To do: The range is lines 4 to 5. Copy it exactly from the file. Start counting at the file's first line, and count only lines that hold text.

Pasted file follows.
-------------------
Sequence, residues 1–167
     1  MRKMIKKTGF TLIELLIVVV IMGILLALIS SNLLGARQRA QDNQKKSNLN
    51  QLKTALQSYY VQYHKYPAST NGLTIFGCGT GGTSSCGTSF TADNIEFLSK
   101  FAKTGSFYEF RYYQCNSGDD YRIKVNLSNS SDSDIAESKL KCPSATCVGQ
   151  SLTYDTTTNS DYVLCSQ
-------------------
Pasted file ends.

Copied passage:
   101  FAKTGSFYEF RYYQCNSGDD YRIKVNLSNS SDSDIAESKL KCPSATCVGQ
   151  SLTYDTTTNS DYVLCSQ